- SMEs must check whether they are impacted before the end of the UK’s transition period with the EU
- Watchdog offers guidance and resources on the actions they may need to take if they use personal data
- Update offers a reminder of what personally identifiable information (PII) is and how it’s classified
The Information Commissioner (ICO) is calling on businesses in the UK to check whether they are impacted by data protection law before the end of the UK’s transition period with the EU on December 31.
Organizations affected by European data protection laws – like the notoriously-stringent GDPR –are urged to take steps to ensure that data can continue to flow from the EU lawfully from January 1, according to the watchdog.
It directs businesses to visit ico.org.uk/keepdataflowing to view “guidance and resources on the actions they may need to take if they use personal data.”
The notice points out that, while sharing personal data is essential to running the majority of small and medium-sized businesses, “any businesses receiving data from organizations in the EU or European Economic Area (EEA) must take action to ensure the flow of data doesn’t stop.” That includes both small businesses and the largest of enterprises.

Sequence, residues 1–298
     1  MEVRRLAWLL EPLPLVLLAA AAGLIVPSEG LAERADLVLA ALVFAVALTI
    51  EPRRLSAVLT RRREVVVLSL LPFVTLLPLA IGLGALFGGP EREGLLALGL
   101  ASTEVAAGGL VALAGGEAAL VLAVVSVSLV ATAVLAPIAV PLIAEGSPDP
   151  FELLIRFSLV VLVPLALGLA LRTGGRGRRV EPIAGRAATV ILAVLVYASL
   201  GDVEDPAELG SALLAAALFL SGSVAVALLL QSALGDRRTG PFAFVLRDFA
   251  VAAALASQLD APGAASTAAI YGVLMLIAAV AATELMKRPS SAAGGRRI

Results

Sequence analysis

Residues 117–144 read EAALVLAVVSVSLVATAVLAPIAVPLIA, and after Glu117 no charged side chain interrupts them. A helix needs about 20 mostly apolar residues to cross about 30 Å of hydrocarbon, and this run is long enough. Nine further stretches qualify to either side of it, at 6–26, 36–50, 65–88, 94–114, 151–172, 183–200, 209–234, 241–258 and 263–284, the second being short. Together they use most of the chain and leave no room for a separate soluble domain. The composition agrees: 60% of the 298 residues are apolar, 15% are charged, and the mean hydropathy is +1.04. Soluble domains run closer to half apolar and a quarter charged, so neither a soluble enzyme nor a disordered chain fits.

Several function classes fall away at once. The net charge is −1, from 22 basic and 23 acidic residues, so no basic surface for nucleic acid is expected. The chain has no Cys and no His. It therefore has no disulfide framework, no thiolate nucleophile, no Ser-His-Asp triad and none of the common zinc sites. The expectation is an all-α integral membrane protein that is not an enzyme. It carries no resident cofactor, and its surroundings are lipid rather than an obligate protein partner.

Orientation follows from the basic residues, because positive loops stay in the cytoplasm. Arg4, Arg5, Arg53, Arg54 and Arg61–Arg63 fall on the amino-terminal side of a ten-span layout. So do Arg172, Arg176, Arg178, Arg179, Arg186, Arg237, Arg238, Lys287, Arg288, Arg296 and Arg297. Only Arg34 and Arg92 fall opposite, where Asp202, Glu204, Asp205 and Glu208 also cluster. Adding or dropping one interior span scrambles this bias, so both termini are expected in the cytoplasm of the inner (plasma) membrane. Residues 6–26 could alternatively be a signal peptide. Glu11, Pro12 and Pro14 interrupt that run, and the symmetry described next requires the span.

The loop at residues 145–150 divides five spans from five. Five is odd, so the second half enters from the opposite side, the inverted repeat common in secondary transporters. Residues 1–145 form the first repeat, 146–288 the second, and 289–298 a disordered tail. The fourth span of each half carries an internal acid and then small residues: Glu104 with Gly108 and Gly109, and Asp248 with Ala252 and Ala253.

The update offers a reminder of what personally identifiable information (PII) is and how it’s classified, including HR records, customer details, payroll information, as well as data collected through cloud services.
To support smaller organizations without dedicated data protection specialists to help with the preparations, the ICO has created specific guidance and resources.
Affected entities are informed that the EU is yet to decide whether to accept the UK’s current data protection regime as adequate.
“Businesses are advised to continue complying with the Data Protection Act 2018 and General Data Protection Regulation (GDPR) and to prepare by understanding where the personal data they use comes from,” the announcement states.
“As we don’t know what the outcome will be from the EU, there is an even bigger need for businesses to prepare now,” said Information Commissioner Elizabeth Denham.